At home I have 5 client computers and 1 server (running 2k3 serv but winxp would have worked just fine). Each client has one user/pass and each of those have been entered on the server. Each user has a folder and each user can read all of the folders. They can only write to their respective folder. Security can be set on sub folders to restrict read access to only the respective user as well. When someone wants a file the other person has they simply dump it to their folder on the server and the other person pulls it off. I have yet to have any problems with it.
This is my server: File Server
It is huge overkill for my network. I currently have it running dhcp, dns, freelancer server, cs:s server, garrys mod server, teamspeak server, ftp, and a couple other little things as well as holding all of my files. I have yet to put any noticable strain on it. The only costly thing about it was the 250gb hard drives. The rest I scavenged or got off ebay for next to nothing. It has been running nearly 24/7 for over a year now, only power outtages over 3hrs took it down ;) 
April 18, 2006 7:29:38 AM

I was under the impression that the OP wasn’t looking for a single file server solution (it is what I suggested in the first place) but wanted to share from all the comps and centrally manage the whole setup. I could have misinterpreted him though. :oops:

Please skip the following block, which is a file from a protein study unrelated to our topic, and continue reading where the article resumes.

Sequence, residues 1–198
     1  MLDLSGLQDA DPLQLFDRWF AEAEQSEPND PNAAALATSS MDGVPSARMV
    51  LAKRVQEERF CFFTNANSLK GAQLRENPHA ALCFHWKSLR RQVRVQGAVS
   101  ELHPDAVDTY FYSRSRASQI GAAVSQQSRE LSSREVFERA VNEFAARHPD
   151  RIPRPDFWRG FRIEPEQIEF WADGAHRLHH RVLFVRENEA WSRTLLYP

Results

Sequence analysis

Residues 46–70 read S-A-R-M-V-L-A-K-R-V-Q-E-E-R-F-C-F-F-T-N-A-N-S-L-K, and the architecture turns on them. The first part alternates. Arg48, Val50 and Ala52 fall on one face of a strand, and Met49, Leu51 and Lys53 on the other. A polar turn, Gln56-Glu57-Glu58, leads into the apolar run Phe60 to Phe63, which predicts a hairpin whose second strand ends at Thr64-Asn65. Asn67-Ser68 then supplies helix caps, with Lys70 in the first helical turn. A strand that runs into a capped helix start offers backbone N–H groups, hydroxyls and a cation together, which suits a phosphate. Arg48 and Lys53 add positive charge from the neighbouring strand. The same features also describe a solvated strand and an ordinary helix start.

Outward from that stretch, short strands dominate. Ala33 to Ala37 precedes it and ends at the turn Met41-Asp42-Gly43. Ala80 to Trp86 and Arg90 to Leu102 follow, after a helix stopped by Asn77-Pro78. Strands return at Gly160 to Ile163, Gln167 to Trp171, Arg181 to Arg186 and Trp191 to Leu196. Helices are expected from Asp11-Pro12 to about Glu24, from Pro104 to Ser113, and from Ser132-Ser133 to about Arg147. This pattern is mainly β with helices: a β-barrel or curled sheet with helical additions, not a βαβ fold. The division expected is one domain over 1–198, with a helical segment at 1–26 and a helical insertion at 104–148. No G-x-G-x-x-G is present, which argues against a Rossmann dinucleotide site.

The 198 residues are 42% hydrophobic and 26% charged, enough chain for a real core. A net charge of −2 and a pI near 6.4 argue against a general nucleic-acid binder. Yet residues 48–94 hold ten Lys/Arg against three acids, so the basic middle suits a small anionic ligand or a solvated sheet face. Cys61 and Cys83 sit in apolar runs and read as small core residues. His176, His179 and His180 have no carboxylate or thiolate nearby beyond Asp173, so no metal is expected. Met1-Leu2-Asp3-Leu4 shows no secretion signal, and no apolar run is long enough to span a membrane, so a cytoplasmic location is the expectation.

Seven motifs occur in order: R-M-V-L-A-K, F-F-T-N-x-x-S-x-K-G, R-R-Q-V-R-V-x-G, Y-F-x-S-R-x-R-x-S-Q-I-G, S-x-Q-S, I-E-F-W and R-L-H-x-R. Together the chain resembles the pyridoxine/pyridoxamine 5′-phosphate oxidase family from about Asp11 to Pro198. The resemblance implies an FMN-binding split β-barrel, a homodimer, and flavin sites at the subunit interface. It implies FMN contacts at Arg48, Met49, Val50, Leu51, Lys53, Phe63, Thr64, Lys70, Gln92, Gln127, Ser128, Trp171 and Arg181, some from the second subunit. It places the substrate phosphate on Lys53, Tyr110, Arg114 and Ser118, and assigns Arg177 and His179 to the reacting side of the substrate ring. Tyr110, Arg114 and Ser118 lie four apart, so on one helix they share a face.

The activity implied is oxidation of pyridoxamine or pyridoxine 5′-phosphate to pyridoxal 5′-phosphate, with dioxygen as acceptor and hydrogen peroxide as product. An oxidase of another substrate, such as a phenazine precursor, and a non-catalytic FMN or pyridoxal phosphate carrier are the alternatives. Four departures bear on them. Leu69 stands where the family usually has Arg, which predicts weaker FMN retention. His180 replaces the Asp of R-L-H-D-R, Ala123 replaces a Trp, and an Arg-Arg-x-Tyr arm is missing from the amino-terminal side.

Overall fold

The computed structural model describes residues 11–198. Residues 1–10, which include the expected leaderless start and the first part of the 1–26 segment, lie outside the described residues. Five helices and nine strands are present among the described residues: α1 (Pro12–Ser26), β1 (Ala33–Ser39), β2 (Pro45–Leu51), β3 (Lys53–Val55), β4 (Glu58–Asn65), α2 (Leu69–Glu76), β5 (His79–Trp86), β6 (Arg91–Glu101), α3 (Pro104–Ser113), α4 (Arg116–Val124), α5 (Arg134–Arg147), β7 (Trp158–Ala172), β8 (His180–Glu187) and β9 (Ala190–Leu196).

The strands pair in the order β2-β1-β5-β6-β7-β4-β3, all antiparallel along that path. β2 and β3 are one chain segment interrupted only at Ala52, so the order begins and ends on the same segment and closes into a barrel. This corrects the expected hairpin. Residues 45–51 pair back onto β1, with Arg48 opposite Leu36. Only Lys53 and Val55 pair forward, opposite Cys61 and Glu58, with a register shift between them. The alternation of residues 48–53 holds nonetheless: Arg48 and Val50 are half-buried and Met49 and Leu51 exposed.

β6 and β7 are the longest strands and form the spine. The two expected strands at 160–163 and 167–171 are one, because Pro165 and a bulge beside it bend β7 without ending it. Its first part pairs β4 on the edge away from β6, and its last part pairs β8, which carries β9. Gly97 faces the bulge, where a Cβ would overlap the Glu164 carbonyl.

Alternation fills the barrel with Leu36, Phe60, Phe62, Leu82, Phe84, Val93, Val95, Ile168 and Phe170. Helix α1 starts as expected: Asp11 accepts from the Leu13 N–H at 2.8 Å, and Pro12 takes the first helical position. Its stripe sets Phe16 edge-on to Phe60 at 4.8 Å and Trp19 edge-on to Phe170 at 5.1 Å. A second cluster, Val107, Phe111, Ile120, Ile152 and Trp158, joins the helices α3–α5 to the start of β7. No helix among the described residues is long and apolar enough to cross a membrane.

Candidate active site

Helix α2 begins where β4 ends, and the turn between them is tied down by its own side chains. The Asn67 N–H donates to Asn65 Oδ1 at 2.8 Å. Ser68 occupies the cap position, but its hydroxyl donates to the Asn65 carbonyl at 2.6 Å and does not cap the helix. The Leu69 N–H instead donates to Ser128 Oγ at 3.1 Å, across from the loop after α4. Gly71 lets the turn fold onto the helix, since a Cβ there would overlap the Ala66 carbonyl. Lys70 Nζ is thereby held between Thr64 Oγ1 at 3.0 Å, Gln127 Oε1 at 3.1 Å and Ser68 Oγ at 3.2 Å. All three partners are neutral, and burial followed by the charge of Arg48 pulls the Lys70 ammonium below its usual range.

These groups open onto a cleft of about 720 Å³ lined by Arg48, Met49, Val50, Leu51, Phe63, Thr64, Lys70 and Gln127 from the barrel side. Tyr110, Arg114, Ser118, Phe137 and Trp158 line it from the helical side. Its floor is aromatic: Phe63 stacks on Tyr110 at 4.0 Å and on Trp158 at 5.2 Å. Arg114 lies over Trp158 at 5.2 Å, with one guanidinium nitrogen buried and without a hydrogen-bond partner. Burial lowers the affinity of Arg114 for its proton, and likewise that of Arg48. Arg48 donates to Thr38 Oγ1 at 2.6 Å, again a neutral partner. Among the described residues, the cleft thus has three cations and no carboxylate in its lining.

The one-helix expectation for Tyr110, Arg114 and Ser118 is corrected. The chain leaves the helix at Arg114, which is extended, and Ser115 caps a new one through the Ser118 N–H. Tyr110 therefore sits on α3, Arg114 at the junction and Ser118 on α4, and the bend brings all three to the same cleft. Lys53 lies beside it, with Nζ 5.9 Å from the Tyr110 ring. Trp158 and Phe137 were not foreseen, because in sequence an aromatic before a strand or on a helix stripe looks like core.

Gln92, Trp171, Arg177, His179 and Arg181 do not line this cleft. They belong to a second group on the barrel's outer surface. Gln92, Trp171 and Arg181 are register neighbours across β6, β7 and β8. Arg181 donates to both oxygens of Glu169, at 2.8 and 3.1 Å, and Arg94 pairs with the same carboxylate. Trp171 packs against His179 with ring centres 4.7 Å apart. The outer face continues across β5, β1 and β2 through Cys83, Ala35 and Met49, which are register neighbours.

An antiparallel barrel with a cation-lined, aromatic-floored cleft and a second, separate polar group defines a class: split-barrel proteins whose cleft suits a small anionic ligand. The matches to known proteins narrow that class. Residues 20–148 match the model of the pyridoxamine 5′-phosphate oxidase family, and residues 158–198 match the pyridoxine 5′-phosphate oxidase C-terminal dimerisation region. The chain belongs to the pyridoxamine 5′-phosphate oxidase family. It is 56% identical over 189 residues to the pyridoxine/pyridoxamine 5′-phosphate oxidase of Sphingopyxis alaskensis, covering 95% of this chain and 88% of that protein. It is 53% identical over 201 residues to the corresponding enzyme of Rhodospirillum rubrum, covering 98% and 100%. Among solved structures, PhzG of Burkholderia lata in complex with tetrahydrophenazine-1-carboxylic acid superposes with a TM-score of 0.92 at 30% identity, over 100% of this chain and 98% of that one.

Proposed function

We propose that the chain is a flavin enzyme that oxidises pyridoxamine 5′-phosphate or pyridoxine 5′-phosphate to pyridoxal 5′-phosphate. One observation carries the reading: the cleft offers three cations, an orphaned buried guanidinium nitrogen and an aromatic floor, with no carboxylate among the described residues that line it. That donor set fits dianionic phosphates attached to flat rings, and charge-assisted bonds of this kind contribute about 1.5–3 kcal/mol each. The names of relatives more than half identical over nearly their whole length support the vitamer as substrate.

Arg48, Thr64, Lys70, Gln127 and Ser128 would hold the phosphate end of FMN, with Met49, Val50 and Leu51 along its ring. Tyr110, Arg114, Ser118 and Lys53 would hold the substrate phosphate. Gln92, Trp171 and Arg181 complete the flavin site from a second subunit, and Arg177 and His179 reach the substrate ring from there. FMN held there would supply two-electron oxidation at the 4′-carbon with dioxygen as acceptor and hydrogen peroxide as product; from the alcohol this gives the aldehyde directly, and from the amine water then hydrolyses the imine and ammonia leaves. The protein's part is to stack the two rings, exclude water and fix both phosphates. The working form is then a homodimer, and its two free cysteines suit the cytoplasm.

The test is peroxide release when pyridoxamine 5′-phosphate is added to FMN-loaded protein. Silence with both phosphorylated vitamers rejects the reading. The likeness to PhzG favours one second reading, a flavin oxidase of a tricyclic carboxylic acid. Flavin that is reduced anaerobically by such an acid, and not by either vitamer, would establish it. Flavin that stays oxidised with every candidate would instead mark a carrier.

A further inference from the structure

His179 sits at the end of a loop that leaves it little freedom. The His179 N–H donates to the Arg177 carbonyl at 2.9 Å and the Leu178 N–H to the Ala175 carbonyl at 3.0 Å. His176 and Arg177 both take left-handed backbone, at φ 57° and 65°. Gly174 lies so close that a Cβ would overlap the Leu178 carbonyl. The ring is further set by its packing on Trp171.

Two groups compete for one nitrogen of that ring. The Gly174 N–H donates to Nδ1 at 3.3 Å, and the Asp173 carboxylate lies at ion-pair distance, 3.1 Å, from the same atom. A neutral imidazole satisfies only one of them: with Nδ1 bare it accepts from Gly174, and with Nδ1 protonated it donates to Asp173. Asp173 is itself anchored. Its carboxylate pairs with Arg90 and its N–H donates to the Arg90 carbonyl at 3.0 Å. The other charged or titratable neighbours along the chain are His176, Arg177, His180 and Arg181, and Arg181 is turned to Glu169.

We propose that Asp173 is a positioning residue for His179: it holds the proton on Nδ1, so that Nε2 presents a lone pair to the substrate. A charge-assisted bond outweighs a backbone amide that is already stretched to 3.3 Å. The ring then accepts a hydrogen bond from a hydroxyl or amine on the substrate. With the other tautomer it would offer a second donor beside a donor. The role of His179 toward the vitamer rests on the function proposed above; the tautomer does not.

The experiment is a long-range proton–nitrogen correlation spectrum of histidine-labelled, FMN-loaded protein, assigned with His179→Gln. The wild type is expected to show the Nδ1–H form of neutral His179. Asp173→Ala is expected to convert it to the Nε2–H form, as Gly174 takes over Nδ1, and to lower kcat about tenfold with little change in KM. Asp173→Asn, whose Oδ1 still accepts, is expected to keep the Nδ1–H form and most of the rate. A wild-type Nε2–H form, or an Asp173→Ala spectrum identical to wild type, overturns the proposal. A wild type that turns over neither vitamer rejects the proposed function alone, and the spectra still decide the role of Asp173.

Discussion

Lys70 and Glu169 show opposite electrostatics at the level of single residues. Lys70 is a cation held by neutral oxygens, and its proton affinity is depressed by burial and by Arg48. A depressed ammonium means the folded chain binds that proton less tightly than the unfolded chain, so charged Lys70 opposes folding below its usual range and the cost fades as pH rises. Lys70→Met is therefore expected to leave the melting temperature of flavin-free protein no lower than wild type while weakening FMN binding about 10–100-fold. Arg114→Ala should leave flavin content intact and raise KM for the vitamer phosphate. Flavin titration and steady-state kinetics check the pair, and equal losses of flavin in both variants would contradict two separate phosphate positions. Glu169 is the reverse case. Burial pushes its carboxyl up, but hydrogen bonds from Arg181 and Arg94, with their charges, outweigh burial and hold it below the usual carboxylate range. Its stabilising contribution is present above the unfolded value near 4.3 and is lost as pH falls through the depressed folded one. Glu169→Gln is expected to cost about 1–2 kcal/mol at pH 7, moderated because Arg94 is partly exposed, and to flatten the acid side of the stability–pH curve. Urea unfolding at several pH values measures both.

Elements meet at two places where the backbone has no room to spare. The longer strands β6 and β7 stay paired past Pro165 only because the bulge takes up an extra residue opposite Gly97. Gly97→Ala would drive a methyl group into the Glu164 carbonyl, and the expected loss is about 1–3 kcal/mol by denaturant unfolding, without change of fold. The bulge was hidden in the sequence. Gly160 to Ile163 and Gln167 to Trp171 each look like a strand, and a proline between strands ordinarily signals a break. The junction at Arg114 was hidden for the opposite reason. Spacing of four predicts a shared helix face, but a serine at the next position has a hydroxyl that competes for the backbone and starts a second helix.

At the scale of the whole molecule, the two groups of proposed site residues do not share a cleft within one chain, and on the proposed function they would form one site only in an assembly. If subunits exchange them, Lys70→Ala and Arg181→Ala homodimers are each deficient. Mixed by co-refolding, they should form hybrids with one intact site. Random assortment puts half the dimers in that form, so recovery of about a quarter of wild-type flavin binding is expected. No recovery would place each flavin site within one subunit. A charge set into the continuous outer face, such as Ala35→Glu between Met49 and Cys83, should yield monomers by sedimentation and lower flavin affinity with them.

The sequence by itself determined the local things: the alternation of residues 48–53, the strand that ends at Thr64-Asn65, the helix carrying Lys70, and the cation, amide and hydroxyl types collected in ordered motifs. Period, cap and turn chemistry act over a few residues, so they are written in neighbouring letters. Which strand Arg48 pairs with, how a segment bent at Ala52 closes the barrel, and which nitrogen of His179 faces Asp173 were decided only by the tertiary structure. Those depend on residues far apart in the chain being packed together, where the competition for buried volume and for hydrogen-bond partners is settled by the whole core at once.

@atpalmer23

If u can host all the files on one comp then best is to do as Folken said. Also no need for win server. XP or linux should do.
April 27, 2006 10:02:48 AM

Quote:
So if I use win xp pro as the server what exactly do i need to do to make it a domain. Do i run the netwrok set up wizard? Are there specific settings to set up the clients?


You cannot take a Windows desktop operating system...and "make a domain" with it. To run your network on a domain, meaning..."Active Directory"...you need a "Server" operating system, not a "Desktop" operating system.

I run Microsoft Small Business Server 2003 at home..as well as many of my clients. However....for the average home user, it's pricey, and a bit overkill. However as I reread your quote...I see you wish to tighten up file access rights....and local user account privies. I see you mention "secretary"..is this more of a business run at home? Do you have e-mail? Do you have shared calendar and contacts needs? Shared faxing?
April 28, 2006 7:22:02 PM

I guess i don't understand about domains and open directories. Do you mean that with win XP Pro I can only share using a workgroup? And to set up a domain I would need XP Server? Would the server take over some of the functions that my router does now, like DHCP and firewall?

This is for a small business run at home. My web host provides the email server with only one business email account. We use outlook for email but not for shared calendars or anything.

I can't use the solution posted by Folken because many times I am the only user on one machine that needs to access data and projects on the other machine. Running around the house to move data doesn't work for me.
April 28, 2006 8:15:42 PM

If your account is present on all of the other computers with administrative rights you could simply type (backslash)(backslash)computername(backslash)c$ in run to access a computers entire hard drive. Or share the specific folder the data you need to pull is in on each computer.

I do stuff like that all the time at work and home. Someone will be missing an icon on their desktop or something so I will just go to their hard drive and add it to their accounts desktop without leaving my desk. The wow effect is always an added bonus, lol.